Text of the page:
Hello horror hounds,
As part of Nightmarish Conjurings’ celebration of Women in Horror Month I had a chance to interview the great Belinda Balaski. Probably best known for her work with Joe Dante and Roger Corman, Belinda has had a long career in the acting industry covering movies, television, and theatre. Without further ado, lets begin, shall we?
NC: You are obviously, to the film going public, known for your work with Joe Dante so tell me a bit about creating a character when you have worked with a director so many times over the years.
BB: That’s a very interesting question, actually. Creating a character is one of my favourite things to do. When I met Linda Carter for Bobby Jo & the Outlaw, I decided not to try to compete with Linda’s beauty, so I went totally character; dying my hair red & having beveled glasses made for “Essie”… and as it turns Tina Hirsch who was cutting ‘Bobbie Jo and the Outlaw’ did not have a place to edit it Mark Lester called Roger Corman and said, “Can I use New World’s editing bay?”
He said, “Of course. Come over, come over” as Roger always does. He’s truly the “Godfather’ of so many careers…
And so she went to New World to edit and ended up sitting next to this young filmmaker named Joe Dante, who at that time no one had heard of, and he was sitting there editing his first film which was ‘Hollywood Boulevard’. They would lean over and confer, “What do you think of this cut? Or this cut?” asking each other’s opinions throughout that whole process, which is how Joe met me.
Of course, I had no idea of this; I never knew any of this took place. Then after ‘Bobbie Jo and the Outlaw’ I did ‘Cannonball’ and Paul Bartel actually cast Joe in ‘Cannonball’ as the car mechanic. And years before that I had done a movie of the week called ‘Black Eye’ which was a Fred Williamson pilot that Jack Arnold directed and Susie Arnold was one of the actors on set so I met her and we became good friends. The next thing I know Susie calls me and says, “I’m casting a movie for this young director named Joe Dante and he’s putting this film together called ‘Piranha’ and he wants to meet you.” Well I had never heard of Joe Dante and I didn’t know anything about ‘Piranha’ so I go in mainly because of Susie.
I walk in the room and Joe says, “You know, we’ve worked on a film together?”
I think, “Oh god” (laughs). It’s that moment where you’re trying to think as fast as you can on your feet and I said, “Oh my god, you were the car mechanic in ‘Cannonball’”
He says, “I was.”
I told him, “You were wonderful, so greasy and wonderful” and so we quickly became best friends and really it was out of our mutual appreciation of these characters we created that we became friends.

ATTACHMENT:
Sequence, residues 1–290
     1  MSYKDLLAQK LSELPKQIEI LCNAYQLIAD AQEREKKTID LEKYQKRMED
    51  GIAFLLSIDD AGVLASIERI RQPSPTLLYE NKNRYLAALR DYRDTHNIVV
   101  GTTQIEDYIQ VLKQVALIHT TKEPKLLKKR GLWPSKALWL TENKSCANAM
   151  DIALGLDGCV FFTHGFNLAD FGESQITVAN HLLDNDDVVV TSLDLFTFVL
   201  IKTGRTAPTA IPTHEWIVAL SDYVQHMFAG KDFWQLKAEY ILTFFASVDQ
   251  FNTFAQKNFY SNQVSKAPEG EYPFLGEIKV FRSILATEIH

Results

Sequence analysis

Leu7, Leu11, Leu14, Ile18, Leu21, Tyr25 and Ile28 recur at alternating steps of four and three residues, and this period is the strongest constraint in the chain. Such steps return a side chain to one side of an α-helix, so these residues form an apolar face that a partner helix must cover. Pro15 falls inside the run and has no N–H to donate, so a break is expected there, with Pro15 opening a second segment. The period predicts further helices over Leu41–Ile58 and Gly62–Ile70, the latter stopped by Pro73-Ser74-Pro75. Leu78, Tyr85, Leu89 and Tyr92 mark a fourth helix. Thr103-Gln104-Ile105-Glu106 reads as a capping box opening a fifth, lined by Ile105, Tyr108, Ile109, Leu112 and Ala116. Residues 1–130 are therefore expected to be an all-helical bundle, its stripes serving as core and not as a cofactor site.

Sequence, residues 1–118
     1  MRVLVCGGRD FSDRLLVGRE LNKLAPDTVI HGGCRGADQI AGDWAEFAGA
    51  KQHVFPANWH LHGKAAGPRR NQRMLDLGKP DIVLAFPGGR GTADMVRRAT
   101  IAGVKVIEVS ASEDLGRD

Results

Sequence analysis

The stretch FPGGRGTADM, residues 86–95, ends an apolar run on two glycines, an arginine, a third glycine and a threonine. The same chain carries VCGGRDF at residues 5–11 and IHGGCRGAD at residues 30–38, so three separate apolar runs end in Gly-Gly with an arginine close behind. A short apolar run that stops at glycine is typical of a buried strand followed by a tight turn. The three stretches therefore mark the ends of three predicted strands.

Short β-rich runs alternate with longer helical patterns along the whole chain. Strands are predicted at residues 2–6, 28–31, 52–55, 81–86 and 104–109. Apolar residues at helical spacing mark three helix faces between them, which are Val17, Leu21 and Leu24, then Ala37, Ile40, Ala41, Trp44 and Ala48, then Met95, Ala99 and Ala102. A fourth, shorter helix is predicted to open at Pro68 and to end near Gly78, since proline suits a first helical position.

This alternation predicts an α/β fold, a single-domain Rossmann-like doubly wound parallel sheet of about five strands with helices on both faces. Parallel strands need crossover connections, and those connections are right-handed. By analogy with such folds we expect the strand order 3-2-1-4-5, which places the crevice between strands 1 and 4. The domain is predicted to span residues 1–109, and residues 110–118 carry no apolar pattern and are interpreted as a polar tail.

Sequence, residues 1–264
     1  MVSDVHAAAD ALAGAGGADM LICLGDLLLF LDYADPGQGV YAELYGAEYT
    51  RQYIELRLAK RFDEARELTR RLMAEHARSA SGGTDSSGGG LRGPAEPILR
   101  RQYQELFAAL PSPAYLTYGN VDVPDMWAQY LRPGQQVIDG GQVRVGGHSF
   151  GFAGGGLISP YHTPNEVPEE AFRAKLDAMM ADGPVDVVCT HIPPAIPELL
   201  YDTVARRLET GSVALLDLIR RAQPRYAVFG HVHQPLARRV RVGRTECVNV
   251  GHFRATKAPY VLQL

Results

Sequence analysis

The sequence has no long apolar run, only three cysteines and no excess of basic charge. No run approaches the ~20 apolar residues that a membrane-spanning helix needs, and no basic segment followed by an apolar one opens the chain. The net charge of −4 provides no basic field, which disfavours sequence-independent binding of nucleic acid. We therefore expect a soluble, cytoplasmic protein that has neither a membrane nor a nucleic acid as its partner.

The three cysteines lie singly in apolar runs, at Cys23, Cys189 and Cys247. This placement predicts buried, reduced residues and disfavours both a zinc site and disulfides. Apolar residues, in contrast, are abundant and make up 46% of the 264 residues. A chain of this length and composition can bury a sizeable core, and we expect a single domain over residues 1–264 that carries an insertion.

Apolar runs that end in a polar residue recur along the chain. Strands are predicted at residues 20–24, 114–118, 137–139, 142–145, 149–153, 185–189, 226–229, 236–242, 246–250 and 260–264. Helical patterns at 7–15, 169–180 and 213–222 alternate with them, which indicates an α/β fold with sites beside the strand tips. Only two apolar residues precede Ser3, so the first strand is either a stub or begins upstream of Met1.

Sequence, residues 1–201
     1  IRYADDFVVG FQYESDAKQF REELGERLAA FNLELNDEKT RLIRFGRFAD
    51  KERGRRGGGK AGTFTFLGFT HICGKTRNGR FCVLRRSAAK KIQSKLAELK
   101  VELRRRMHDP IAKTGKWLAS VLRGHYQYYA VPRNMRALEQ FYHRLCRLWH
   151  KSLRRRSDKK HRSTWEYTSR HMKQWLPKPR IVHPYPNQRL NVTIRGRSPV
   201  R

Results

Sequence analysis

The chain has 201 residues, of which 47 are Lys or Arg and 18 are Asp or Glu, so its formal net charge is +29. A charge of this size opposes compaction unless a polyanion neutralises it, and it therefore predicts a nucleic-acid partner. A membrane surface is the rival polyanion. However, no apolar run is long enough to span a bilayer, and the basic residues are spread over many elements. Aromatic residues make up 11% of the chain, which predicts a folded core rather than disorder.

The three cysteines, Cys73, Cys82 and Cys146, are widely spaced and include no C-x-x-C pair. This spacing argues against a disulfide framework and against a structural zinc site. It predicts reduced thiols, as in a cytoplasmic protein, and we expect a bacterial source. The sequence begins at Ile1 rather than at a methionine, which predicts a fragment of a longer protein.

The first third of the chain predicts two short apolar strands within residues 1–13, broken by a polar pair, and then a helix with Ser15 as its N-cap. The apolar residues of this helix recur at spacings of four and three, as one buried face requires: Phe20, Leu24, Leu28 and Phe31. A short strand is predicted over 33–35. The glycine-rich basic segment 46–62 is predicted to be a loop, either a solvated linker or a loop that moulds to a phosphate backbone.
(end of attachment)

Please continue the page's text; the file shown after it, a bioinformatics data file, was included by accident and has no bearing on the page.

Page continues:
John Sayles wrote ‘Piranha’ and he had written a character named Betsy and when he saw what I brought to life he took that character and wrote it into ‘The Howling’ as Terry Fisher because he liked my character Betsy so much. None of this I knew. I didn’t know any of this part until the morgue scene in ‘The Howling’ and John Sayles came in to shoot that segment and he said, “You know I wrote this part for you?”
I said, “What?” because I had no idea.
He said, “I just loved so much what you did with the character of Betsy that I wrote her into this film” because in the book there is no character Terry Fisher. So that’s kind of the way those things happen.
There I was on an episode of ‘Eerie Indiana’ called ‘Foreverware’ that Joe wanted me to do (I did have to audition) and when I got the part I thought, “Oh, gosh, this was so unlike me” so I said, “Joe, please, could I have a wig?”
He said, “What are you talking about?”
I just said, “Please, let me have a wig, I really need it.”
At first he kept asking me, “A wig? What do you need a wig for?” and went through his whole kind of conniption before he finally said, “Okay, sure, go see the hair lady.”
So I go into the hair lady and I say, “Look, I kind of want to do a tribute to my ex roommate from college Heather MacRae and I wanted to get this wig with blonde bangs and straight blonde hair and wear this lime green A frame dress with the white go go boots. This is what Heather looked like when I went to college with her so here I show up on set in this wig and outfit and Joe and the producers completely drop to the ground. They loved that character so much that they brought her back for another ‘Eerie Indiana’ and gave me twin girls, actually they were used one at a time, as my daughter and gave her a blonde wig to match mine and the A frame dress and white go go boots (laughs).